Government Intervention in the Free Market through Subsidies

Governments and markets are closely linked because authorities perform essential roles in developing the legal and institutional frameworks that would govern different operations within such contexts. The free-market economic systems call for restricted government activity and interventions to minimize the distortions that such control tools cause (Arora, 2017). Government interventions such as the provision of subsidies oppose the basic principles of the free market system because it could influence or offset the equilibrium conditions. Under the free market conditions, demand and supply are the primary determinants of the equilibrium market conditions. The government should only participate or intervene in free markets after careful evaluation of underlying factors and effectiveness of their subsidies at resolving the existing issues.

Government subsidies are known as strategic fiscal tools for controlling and monitoring the performance of the economy (Office of Fair Trading. n.d). The attainment of absolute market conditions is hard and mostly hypothetical because most governments play significant roles in their economies through their interventions such as the tax systems and subsidies. Government subsidies have been known to have a constructive or destructive effect on the economy, which has made them a persistent debate topic among numerous academic platforms.

The active participation of government in free markets requires the development of adequate strategies to promote the careful spending of allocated funds. Poor allocation and management of government subsidies may subject a nation to a chronic budget deficit. This aspect calls for the consideration of different factors before providing such interventions to firms and other sectors of the economy. Before making a subsidy allocation, the government should consider the kind of market failure and the ability of the intervention at resolving the issue. This aspect would require the consideration of imbalances in the distribution of economic resources, which raise concerns among different participants of the economy and citizens.

The government should only allocate subsidies as tools for addressing such market failures and restoring the confidence of different stakeholders such as the foreign investors, which would help to reduce the severity of the market failure (Arora, 2017). However, the government should refrain from the long-term provision of unchecked subsidies because of their adverse effects on the global competitiveness of its industries and economy. The policies of international trade aim at promoting fair competition and open systems that would promote innovation and brand equity. However, some governments subsidize their domestic industries to enhance their competitiveness in the global markets. However, such techniques diminish the benefits that would be acquired by consumers, organizations, and entrepreneurs.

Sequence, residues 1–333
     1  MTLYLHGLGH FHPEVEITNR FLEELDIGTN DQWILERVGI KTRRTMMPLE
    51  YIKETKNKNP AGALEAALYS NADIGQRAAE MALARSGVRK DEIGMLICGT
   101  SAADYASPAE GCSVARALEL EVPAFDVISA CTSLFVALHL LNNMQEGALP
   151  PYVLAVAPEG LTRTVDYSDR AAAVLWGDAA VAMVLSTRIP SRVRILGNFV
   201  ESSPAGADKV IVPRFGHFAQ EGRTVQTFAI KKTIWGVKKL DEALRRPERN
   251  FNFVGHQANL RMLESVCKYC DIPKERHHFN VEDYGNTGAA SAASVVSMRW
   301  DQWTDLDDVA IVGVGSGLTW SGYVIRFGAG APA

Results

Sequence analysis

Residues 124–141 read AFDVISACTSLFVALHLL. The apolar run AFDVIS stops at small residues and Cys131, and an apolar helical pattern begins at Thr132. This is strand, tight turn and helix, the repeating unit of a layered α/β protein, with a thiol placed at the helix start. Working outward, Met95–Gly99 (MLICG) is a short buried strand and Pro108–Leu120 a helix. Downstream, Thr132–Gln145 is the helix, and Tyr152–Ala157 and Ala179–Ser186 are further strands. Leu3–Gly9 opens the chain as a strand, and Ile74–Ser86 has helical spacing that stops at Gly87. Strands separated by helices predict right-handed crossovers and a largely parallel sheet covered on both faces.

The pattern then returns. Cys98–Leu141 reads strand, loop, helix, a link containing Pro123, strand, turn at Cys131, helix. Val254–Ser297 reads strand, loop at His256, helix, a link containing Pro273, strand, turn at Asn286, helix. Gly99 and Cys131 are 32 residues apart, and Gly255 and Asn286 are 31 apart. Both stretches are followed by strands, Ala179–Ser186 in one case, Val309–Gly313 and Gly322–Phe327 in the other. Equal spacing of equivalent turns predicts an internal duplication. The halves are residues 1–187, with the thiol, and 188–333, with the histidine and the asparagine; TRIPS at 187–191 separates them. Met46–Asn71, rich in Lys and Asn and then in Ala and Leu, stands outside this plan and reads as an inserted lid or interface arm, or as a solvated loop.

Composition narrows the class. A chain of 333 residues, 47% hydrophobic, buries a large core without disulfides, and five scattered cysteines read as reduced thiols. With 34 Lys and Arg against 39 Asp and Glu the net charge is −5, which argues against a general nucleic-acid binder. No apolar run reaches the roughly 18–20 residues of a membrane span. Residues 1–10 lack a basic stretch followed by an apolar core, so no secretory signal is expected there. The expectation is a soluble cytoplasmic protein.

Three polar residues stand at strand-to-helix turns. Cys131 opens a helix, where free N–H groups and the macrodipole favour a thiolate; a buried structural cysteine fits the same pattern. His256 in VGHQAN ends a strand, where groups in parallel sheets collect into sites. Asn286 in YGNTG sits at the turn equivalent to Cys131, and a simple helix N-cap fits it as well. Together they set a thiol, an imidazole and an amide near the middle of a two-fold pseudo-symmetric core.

The provision of subsidies reduces the ability of businesses and enterprises to focus on developing creative and innovative solutions that would improve their productivity and reduce their costs. Many firms and economic sectors have thrived and attained success without relying on government subsidies, which calls for the authorities to consider alternative interventions that would enhance the productivity and comparative advantages for their industries (Arora, 2017). This approach would help to increase the efficiency of firms and the economy through continuous process improvement that would optimize productivity and minimize the costs.

Before allocating the subsidies, the government should consider the urgency or need for attaining a specific goal and the ability of the subsidy to promote the realization of such objectives (Office of Fair Trading. n.d). The government may end up offering subsidies to industries and sectors that would result in disproportionate benefits and worsening of inequality. For example, subsidizing firms and products that are regarded as luxury brands would provide disproportionate benefits to the high-income groups and worsen the gap between the rich and poor. Governments should also consider the monetary cost of their subsidies and the target groups of such interventions. Subsidies are risky interventions to the free market because they increase the expenditure of the government and at times could fail to reach the targeted markets, which would result in the wastage of resources. Subsidies subject taxpayers to long term economic and monetary burdens.